Cumulatively, CABE’s work on climate change mitigation and adaptation will increase the pastoralist communities’ ability to effectively manage scarcity and surplus amidst extreme weather events which have increasingly become erratic in the last decade due to climate change. Ultimately, this will build the resilience among Kenya’s pastoralist communities and subsequently improve Kenya’s economy.
The Centre for African Bio-Entrepreneurship (CABE) has given an impetus to the ongoing Kenya-wide concerns on the need to institutionalize the use of evidence in the country’s policy making, implementation, and evaluation. This is timely as the country continues to grapple with youth unemployment despite the existence of different policies and regulations-the most recent being the Youth Enterprise Development Fund (2007) and Kazi Kwa Vijana.
Speaking at English point Marina, Mombasa-Kenya in a conference convened by the Partnership for African Social Governance and Research-PASGR, CABE, executive director Dr. Hannington Odame expressed concern that the agricultural sector which accounts for 34 per cent of the country’s Gross Domestic Product and a key driver of Kenya’s economy provided little traction for the youth. Odame noted that agribusiness provides the greatest employment opportunity for the youth, who the International Labour Organization reports their unemployment rate to be 35 percent of the population.
Evidence informed policy making is not institutionalized.
The conference held between 25 to 26 February 2021 brought together collaborative houses (CABE, Pamoja trust, African Platform for Social Protection and Institute of Policy Analysis and Research-Rwanda) under Utafiti Sera house, a program implemented by PASGR.
Presenting different studies, the four houses agreed that evidence-based policy making has not been institutionalized in Kenya and Africa at large. Agreeing further that existing policies are not comprehensive and that related interventions are not sustainable; the houses questioned the role of policy culture in evidence use by government departments in Africa.
The social dimension
The houses highlighted the importance of the social element to stakeholder engagement. “What do socio-economic survey inform? How do we share information of the data collected and how does it engage with the implementation of the projects?” posed Samuel Olando, executive director, Pamoja Trust. Olando adds that the consideration of social dimensions is important since it helps in stakeholder engagement frameworks.
Emphasizing on a need for a comprehensive approach which recognizes social, economic, political, and ethical dimensions, the houses called for a multi stakeholder approach to evidence based policy making. “partnership with KCDMS through KEPSA and the County government of Makueni to identify gaps and challenges for youth employment in the agro production has borne fruits. This is illustrated by successful engagements with the CEC Agriculture, Makueni, as a key participant – under the auspice of “Feed the Future Program” housed by Makueni, USAID, Alternatives, RTI and CABE,” says Waithera Gaitho, executive director, Alternatives Africa.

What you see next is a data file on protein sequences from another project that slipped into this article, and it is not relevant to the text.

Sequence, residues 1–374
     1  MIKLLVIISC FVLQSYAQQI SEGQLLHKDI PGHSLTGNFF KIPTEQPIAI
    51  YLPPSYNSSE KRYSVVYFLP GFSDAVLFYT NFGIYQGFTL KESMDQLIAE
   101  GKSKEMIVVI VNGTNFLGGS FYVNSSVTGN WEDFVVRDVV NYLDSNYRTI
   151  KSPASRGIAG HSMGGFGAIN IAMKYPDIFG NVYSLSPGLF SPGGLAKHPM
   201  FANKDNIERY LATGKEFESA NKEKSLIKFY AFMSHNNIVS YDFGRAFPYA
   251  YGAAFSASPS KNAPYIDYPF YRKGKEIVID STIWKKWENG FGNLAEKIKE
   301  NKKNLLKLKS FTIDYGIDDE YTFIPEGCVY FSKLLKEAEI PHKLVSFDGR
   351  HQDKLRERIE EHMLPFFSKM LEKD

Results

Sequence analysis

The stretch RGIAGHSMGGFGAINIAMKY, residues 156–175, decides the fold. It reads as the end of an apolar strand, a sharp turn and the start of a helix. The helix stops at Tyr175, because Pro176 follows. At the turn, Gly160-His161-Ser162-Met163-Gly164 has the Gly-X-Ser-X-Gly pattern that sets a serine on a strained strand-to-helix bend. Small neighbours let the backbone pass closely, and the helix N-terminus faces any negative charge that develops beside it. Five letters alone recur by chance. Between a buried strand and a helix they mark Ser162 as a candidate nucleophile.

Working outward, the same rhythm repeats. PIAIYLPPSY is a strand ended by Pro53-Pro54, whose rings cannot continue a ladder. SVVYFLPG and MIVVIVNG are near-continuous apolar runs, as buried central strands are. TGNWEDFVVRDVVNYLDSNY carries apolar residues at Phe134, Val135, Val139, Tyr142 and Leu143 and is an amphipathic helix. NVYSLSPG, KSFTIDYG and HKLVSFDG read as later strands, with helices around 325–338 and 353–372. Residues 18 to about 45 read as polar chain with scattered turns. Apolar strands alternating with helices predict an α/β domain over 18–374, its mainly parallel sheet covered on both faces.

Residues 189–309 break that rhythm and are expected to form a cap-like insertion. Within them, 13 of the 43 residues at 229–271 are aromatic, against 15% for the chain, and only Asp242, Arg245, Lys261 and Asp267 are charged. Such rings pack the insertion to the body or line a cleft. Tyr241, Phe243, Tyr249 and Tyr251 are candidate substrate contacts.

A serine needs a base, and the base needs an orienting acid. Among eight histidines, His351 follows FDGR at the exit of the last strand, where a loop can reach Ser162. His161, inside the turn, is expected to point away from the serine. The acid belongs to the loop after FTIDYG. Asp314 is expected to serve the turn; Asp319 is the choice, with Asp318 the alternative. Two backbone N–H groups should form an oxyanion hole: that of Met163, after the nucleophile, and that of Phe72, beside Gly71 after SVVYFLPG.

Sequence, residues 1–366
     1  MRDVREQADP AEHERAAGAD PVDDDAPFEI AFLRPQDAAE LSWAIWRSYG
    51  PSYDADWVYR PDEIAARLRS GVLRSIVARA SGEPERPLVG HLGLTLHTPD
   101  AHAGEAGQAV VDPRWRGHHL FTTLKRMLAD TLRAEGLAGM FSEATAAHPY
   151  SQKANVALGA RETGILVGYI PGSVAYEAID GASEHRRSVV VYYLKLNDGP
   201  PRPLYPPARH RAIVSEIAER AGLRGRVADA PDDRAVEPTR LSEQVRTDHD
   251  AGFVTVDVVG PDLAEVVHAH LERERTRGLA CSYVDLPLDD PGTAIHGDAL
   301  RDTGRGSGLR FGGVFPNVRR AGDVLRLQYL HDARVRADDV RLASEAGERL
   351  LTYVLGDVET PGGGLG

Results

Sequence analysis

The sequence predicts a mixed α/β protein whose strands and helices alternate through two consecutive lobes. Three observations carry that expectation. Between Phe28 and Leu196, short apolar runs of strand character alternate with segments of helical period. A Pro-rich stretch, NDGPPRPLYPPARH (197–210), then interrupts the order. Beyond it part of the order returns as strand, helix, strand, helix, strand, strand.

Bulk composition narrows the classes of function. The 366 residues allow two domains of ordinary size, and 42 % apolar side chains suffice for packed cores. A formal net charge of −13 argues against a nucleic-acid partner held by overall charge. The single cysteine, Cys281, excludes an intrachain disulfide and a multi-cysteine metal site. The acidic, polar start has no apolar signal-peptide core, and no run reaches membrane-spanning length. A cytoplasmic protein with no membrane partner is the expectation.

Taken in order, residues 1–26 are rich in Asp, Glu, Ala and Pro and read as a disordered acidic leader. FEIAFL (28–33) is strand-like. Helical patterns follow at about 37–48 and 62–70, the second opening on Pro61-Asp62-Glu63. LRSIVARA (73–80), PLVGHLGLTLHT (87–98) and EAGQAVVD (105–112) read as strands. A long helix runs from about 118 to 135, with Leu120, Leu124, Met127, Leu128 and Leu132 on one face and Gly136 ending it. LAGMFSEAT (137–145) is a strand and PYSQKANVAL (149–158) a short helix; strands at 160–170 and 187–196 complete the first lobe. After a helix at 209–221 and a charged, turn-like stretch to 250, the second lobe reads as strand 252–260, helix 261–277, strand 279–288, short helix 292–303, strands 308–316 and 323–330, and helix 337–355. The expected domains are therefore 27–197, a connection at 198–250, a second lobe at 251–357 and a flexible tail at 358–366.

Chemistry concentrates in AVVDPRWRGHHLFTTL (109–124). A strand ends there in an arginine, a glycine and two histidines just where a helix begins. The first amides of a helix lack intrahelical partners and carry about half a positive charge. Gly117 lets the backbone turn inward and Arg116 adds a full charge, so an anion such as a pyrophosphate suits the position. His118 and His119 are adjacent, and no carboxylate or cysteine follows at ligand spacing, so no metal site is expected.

The Utafiti Sera interhouse conference is a step in the right direction on the need to entrench the uptake of evidence-based policy making in Kenya. Cognizant that policy engagement is not a short-term goal, hence requiring intergenerational partnerships, the houses commit to engage individual policy makers and actors; and learn from what works to seize relevant and evolving partnerships through an integrated approach to achieve a practical, sustainable, comprehensive policy on youth employment. Achievement of this will require trust building, policy dialogue and an appreciation of the role of policy culture (the way different governmental departments embrace the use of evidence in informing policies) in building an ecosystem of evidence use in policy making. Subsequently, implemented evidence-based policies will effectively help the Kenyan government to achieve its goals such as youth employment creation.
Young woman entrepreneur tells of her experience during the Global Food Challenges Programme Second Mid-Term Review (MTR) meeting in Nairobi. (small subtitle)
This interview was conducted by Ms. Eunice Likoko, University of Amsterdam (UvA) Ph.D. Student.